Ultrasound scan findings
A Toshiba Nemio XG ultrasound machine was used for the scanning protocols. Both high multi-frequency linear and low multi-frequency curvilinear probes were used. The linear probe was used to scan the inguinal regions while the curvilinear probe was used the scan the abdomen.
The liver, kidneys, gall bladder, spleen, and pancreas showed normal sonographic features without any obviously detected abnormalities. A singleton intrauterine fetus with normal cardiac activity, adequate liquor volume, and a posterior placenta within the upper segment of the uterus was detected. No obvious fetal anomaly was detected. Fetal biometry is as follows [Figure 1]:
BPD = 80.9mm HC = 288.4mm AC = 258.2mm FL = 56.8mm
EGA = 31W EDD = October 12, 2019 Scan date = August 10, 2019
Sonographic assessment of inguinal region showed bilateral ovoid hypoechoic masses with tubular channels [Figure 2] and internal vascularity on colour doppler interrogation [Figure 3]. There was no sonographic evidence of bowel, thrombus, or venous rupture within the inguinal regions.
Based on the sonographic findings, the woman was diagnosed of bilateral RLVS.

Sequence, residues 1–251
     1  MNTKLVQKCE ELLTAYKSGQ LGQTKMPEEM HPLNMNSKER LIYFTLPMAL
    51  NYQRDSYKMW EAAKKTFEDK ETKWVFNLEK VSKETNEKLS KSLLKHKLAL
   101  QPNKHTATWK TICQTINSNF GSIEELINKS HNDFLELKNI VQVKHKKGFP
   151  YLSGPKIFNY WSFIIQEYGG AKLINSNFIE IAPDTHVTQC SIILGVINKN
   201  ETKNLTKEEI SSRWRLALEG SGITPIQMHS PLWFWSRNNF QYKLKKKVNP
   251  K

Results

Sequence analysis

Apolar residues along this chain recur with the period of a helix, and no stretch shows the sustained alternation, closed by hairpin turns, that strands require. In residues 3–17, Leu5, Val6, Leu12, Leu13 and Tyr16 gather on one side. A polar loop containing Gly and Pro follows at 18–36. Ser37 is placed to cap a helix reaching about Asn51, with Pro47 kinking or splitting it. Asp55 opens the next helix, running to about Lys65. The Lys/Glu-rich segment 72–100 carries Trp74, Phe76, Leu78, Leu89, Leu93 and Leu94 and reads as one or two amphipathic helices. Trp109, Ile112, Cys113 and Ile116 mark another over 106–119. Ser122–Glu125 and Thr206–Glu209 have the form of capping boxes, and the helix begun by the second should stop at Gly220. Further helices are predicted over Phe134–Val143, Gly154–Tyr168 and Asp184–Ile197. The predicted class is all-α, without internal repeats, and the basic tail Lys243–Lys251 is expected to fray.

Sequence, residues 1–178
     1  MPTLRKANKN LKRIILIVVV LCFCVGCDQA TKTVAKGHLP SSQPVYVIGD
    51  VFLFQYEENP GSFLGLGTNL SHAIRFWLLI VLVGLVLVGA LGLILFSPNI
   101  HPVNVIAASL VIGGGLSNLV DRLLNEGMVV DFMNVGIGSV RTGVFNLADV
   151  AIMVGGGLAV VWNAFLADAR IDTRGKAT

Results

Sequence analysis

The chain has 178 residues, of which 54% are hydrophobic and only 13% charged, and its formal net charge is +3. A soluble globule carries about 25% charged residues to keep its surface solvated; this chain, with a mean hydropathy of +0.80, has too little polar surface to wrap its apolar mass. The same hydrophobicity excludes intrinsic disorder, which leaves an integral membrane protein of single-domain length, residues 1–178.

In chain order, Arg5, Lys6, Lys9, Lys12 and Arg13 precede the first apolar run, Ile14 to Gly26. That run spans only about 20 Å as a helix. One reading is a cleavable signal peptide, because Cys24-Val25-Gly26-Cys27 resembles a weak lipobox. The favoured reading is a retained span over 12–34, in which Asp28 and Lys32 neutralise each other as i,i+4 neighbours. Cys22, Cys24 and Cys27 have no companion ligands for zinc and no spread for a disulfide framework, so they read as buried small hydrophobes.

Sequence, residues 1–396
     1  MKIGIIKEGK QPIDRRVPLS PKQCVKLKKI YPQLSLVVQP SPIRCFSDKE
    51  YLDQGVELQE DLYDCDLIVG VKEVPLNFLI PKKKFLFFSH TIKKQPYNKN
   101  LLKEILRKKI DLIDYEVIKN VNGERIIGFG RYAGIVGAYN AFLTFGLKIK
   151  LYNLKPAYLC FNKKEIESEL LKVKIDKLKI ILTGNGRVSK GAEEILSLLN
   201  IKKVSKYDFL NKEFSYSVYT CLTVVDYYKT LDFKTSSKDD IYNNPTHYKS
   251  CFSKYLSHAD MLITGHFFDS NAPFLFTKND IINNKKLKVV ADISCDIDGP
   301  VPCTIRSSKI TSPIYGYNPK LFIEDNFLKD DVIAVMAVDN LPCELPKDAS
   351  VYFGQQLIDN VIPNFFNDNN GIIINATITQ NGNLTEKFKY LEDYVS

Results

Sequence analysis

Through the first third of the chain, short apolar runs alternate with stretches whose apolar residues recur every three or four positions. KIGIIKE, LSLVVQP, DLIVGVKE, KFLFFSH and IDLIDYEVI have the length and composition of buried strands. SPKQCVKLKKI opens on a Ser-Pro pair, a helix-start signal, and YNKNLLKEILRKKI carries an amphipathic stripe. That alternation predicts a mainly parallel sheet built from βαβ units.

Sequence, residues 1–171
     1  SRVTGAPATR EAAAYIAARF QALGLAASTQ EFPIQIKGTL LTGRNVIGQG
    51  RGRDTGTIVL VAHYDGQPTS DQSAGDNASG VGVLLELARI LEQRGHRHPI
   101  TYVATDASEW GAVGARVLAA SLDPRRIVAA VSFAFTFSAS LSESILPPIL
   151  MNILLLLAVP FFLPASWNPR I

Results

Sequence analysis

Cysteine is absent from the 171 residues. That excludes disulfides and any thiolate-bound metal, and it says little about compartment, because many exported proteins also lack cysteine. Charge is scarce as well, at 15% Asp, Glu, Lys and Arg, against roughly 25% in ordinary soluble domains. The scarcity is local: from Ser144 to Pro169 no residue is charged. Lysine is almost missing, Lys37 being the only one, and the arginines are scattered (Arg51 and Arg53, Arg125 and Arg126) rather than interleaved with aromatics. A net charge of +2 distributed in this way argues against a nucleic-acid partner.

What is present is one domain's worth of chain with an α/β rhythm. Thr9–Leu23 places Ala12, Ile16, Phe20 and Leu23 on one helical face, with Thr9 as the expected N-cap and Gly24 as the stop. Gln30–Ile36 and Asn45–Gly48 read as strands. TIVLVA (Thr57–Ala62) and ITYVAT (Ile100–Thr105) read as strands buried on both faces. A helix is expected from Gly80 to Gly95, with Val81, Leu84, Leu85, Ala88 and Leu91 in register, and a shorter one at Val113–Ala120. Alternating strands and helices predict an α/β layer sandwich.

| Discussion|| |
The round ligament is comprised of arteries, veins, lymphatics, and nerves which originate from the lateral aspect of the uterus and channels through the abdominal ring and inguinal canal. Dilatation of the vasculature of the round ligament presents as a bulging mass within the inguinal canal, mimicking inguinal hernias when examined physically. Inguinal hernias themselves have been noted to be uncommon during pregnancy, since most of the abdominal structures that could fill a hernia sac are displace upward as the pregnancy grows bigger. The distinction between the two, thus, the RLV and inguinal hernia is established with ultrasound scan examination. Although other imaging modalities can be employed to diagnose RLVs, ultrasound remains the modality of choice because it is easily accessible and affordable.